Mr. J. C. Carmichael says: "It has now been about fourteen months since I built my first pond, and now I have three, with a fourth nearly complete. I estimate my fish by the million, many of which are, of course, very small yet I expect to raise to the length of ten inches this year, ten thousand trout.

The Water that falls in England annually is 21, in New England 42 inches. There they have about 156 rainy days per annum, and we but 56. In England one inch in 24 hours is considered a great rain; but in New England six inches and seven-eighths has been known to fall in 24 hours. Ordinary arable soil is capable of holding nearly six inches of water In every foot of earth.

In the quarterly return of the rain in England, ending with June, it is stated "the deficiency in the fall from the beginning of this year is 1 3/4 inches. The deficiency in the years 1854,1855, 1856, 1857,1858, amounted to more than the average fall of one year, viz., 25 inches. From a careful examination of the fall of rain (year by year) from the year 1815, it would seem," says the report, "the annual fait is becoming smaller, and that there is but little probability that the large deficiency will be made up by excess in future years." This is a most important discovery, confirmatory of an opinion that has been before mooted, that the quantity of rain which falls on the earth is very slowly and gradually diminishing. In all countries traces of dried up streams are met with, while within the historical period there are few or no examples of new rivers coming into existence. The river Dnieper is drying up. The plains of Troy can with difficulty be recognized, because the rivers mentioned by Homer, whose descriptive topography is not doubted, either cannot be found or are now such insignificant streams as to fall far below the descriptions of the poet. It is known that about the mouths of the Nile the water is becoming shallower.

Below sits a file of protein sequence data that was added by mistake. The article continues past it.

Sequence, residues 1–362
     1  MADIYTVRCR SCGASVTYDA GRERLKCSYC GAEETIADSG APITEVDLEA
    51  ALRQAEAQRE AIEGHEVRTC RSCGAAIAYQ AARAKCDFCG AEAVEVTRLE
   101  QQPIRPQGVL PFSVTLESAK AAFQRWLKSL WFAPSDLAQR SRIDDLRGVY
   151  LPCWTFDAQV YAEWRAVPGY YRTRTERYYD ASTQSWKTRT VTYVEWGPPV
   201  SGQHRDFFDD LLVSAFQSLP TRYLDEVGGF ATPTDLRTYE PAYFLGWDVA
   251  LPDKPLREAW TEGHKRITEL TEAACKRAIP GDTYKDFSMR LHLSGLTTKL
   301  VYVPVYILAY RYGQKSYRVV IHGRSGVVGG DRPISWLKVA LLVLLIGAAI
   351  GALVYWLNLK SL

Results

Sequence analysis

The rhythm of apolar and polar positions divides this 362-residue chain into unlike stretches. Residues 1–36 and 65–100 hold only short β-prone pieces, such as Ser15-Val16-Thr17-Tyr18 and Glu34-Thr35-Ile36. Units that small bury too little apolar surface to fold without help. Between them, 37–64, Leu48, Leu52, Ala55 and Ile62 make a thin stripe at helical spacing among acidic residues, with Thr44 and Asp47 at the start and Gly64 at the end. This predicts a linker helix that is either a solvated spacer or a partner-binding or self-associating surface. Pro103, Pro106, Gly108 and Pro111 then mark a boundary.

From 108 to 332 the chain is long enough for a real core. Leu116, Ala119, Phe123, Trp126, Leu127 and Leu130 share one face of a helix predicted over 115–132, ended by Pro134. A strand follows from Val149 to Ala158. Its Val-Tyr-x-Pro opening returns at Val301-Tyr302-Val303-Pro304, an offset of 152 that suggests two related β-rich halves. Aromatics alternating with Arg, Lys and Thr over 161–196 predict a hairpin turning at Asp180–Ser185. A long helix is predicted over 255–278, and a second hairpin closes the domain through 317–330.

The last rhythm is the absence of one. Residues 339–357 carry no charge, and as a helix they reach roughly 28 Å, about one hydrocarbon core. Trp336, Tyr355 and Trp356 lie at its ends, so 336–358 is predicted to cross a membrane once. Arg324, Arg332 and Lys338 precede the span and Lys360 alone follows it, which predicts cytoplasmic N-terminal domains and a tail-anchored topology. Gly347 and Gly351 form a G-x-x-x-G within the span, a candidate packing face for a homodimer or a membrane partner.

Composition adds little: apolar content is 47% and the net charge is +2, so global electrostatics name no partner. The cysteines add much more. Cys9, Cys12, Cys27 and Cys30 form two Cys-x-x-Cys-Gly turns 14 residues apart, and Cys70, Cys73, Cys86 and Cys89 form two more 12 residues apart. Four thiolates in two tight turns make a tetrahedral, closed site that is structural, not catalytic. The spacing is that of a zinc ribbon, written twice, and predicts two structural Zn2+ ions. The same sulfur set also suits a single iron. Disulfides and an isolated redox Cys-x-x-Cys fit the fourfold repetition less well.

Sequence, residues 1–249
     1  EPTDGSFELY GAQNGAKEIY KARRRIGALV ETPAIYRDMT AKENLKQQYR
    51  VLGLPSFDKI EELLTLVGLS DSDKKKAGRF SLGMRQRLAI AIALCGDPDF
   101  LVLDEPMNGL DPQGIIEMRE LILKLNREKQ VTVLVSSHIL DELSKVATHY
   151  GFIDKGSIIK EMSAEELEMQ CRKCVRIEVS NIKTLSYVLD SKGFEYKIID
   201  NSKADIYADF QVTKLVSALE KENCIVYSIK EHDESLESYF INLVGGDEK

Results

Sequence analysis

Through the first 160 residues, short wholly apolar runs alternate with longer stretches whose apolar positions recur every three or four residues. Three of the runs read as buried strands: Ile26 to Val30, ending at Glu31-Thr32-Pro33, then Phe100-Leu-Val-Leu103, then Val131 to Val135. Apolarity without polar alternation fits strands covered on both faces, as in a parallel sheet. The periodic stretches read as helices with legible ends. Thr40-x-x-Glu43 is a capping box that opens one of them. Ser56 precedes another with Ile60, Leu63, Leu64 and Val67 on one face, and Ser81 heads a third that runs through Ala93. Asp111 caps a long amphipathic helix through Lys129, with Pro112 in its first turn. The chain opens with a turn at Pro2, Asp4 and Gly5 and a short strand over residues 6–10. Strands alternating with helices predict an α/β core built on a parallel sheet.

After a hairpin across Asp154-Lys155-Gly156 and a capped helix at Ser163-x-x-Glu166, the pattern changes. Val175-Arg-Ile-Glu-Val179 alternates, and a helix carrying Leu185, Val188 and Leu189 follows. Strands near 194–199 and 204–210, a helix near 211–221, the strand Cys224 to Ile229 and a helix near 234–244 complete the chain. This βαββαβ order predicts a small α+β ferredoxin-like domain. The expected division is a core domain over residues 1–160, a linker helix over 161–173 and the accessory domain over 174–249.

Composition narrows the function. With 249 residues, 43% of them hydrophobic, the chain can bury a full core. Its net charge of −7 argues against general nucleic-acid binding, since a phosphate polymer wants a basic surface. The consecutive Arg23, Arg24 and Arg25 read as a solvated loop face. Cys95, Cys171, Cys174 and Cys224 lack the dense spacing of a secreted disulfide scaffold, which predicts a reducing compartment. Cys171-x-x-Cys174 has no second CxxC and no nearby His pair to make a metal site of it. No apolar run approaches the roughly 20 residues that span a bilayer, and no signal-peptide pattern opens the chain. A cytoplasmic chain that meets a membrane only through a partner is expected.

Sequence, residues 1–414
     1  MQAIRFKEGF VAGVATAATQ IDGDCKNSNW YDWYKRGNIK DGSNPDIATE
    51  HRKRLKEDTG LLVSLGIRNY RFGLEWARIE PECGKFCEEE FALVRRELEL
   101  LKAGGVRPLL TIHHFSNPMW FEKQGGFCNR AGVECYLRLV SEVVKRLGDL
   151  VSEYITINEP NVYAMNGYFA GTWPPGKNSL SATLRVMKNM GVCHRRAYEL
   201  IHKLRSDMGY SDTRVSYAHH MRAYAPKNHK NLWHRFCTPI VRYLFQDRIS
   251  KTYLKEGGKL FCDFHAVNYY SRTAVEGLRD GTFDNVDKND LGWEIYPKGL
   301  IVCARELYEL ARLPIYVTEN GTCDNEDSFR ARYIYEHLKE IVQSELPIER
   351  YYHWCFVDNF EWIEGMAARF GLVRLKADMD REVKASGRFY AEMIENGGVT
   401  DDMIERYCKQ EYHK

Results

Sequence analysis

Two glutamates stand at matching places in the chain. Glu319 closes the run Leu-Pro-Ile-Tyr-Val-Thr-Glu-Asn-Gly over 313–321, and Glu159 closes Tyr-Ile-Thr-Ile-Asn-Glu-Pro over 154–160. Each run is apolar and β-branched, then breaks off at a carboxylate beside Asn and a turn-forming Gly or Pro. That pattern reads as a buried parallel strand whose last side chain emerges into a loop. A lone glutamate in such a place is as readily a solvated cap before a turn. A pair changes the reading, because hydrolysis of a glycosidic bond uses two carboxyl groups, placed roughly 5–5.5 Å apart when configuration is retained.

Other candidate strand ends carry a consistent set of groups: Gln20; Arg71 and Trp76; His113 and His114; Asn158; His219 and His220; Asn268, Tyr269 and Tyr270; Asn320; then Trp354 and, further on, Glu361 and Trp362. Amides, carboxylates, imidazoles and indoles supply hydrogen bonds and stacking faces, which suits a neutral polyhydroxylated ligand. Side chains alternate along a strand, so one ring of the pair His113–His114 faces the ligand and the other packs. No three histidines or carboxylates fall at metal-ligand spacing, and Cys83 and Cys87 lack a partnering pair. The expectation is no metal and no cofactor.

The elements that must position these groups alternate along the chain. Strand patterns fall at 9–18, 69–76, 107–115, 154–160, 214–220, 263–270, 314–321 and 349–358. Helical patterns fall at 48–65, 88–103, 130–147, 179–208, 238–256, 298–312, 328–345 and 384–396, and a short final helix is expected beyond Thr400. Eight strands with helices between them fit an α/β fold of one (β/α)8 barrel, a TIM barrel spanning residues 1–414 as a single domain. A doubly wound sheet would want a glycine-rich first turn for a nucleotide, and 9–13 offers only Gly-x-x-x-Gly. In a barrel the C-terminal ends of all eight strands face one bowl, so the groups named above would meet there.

The Baltic is known by recorded observation to be decreasing. The Adriatic derives its name from a town that is now eighteen miles from the shore, and was once a flourishing sea-port. North America is sensibly draining; on the Pacific it is notoriously rising, or the ocean which surrounds it is sinking. The Deluge is a very early event in the history of mankind, and it is consistent alike with sacred and profane history to suppose that ever since that period, as well as immediately after the first few days when the dove found her resting-place, the waters of the earth have dried up.

A theory has lately been started that the globe is continually increasing in size. If this be true, it is gradually, though extremely slowly, decreasing in fluid matter and increasing in solid matter. Most of the changes which geology traces in the crust of the globe have been in progress for many ages, and from the light which the gradual diminution reflects on many geological phenomena, the announcement must be considered one of the most momentous discoveries, should it be extensively confirmed, that observation has ever made.